A Syrian ready to perish was my father.Isaiah 51:1). The connection between acceptable thanksgiving and profound humiliation is a fact which none but a Pharisee would dare to disregard, and which it behoves the Christian to bear in mind in all his devout meditations and religious exercises. Should pride ever rise within his bosom — "Who maketh thee to differ?" is a consideration which may suffice to put it down: nor will he, if walking in the fear of God, and in the comfort of the Holy Ghost, when, by virtue of his "royal priesthood," he has "boldness to enter into the holiest by the blood of Jesus," forget to say there — "A Syrian ready to perish was my father." The natural philosopher may rejoice that he is not a brute, and a pagan may glory in the attributes peculiar to man, but the devout student learns some very humbling facts concerning the position of our race. Among the rest is this, that, of intelligent beings, man is probably the lowest in the scale. That angels excel us in strength is obvious from everything we know concerning them; and that devils have far greater intellectual power than belongs to man, none acquainted with their devices will be disposed to question. To boast of our mental superiority, then, is but to mingle ignorance with pride. The humiliation which these considerations may be supposed to engender is deepened by the recollection, that our case is not one of poverty alone, but of degradation. Whatever may have been man's original glory, that glory has long since departed. His boast of heraldry is vain; traced back to its earliest antiquity, it bespeaks his ruin. His crest is an inverted crown. And this is his motto — "Man that was in honour abode not." The grace of God works wonders. It copes with depravity, and subdues it. It rescues the sinner from his degradation, and renders him meet to be a partaker of the inheritance of the saints in light. But it also teaches him never to forget, even amidst the splendours of the heavenly temple, to which it ultimately introduces him, the ancient acknowledgment of the adoring Israelite — "A Syrian ready to perish was my father."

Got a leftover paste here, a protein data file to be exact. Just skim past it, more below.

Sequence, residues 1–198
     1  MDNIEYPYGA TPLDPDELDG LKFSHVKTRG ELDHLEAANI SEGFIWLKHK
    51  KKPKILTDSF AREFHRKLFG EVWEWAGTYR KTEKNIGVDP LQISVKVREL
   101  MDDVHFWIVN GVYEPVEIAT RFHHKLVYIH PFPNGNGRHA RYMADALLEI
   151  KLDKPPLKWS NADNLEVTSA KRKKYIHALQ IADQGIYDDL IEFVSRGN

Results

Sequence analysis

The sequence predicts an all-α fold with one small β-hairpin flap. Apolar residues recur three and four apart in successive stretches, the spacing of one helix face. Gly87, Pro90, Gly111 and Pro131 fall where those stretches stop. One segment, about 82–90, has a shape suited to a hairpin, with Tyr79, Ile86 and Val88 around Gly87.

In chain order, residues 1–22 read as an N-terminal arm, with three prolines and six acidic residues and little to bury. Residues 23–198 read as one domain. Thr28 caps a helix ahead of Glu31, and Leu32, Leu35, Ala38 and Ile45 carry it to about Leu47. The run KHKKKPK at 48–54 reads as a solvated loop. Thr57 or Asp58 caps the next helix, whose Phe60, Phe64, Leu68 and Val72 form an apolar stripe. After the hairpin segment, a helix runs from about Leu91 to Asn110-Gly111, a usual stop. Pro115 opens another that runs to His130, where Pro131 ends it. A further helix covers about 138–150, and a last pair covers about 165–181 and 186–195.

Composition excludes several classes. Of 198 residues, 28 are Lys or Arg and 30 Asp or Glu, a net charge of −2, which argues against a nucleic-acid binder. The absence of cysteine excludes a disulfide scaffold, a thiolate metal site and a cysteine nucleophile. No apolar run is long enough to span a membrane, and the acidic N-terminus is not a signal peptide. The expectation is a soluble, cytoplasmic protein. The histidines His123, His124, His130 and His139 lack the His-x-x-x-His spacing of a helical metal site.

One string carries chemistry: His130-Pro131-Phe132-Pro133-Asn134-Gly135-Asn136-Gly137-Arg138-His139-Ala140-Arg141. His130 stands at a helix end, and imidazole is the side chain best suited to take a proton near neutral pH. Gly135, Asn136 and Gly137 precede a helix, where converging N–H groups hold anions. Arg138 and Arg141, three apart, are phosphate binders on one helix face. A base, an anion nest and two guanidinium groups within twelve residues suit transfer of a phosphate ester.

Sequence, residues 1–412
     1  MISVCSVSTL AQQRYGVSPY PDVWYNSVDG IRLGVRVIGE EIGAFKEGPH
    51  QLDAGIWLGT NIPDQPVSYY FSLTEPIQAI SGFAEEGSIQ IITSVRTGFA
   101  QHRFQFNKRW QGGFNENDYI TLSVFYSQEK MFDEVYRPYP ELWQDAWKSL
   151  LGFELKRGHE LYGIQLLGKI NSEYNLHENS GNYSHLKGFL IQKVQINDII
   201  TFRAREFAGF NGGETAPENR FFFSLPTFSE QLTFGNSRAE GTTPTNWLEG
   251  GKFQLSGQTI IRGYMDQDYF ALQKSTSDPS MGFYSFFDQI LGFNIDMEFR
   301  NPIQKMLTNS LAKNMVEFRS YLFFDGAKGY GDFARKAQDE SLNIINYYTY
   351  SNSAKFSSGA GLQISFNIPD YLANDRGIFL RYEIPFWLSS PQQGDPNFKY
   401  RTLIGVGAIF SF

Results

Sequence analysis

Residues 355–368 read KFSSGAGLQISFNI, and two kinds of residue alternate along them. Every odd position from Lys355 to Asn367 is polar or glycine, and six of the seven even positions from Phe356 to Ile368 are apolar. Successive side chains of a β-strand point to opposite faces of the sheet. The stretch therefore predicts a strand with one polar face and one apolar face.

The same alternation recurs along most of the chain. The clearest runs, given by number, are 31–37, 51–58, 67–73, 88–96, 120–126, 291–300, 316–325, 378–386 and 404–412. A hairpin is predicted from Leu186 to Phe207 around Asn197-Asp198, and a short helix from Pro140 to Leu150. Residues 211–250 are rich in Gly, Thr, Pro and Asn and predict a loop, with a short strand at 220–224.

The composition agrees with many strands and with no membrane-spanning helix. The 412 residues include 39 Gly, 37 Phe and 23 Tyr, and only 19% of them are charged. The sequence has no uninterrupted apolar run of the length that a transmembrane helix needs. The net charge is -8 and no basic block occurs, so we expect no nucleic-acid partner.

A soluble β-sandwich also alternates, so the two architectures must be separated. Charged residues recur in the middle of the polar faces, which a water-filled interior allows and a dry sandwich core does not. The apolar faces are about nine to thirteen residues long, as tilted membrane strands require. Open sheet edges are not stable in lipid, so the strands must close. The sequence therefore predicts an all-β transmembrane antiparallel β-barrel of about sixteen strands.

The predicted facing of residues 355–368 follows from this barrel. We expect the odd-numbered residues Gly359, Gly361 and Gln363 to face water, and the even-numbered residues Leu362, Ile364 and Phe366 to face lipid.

(D. E. Ford.)
Thou shalt rejoice in every good thing.
I. NEVER TURN, IN YOUR BITTERNESS OF SPIRIT, FROM ANY MINISTRY OF TEMPORAL ENJOYMENT THAT MAY INTERVENE; NEVER BE SO WEDDED TO YOUR WOES, SO SHUT UP AND SUNK DOWN IN THEM, THAT YOU CANNOT ISSUE FORTH TO ACCEPT SUCH MINISTRY. For, remember, we want to be made joyful for our education quite as much as we need to be tried and troubled. To laugh, to luxuriate, to ripple and glow with delight, at times is just as essential for us as it is at times to weep and suffer.
II. AT TIMES SOME OF US MAY HAVE HAD THE FEELING THAT THERE IS SO MUCH MISERY IN THE WORLD THAT IT IS HARDLY RIGHT TO IGNORE AND FORGET IT FOR A MOMENT IN REJOICING. But let us reflect that, since God is our Father and we His children, we are justified in losing sight of trouble for a time when He gives us a joy to taste. Being only a child, however, I must feel about His world, and share in His travail concerning it; I need not be afraid at intervals to cast the entire load upon Him and let Him carry it alone. Souls must turn aside at times to bask in what sunshine they. can find, and be mellowed, and warmed, and raised with it, in order to be of service in the darkness and to help to soften and relieve.
(S. A. Tipple.)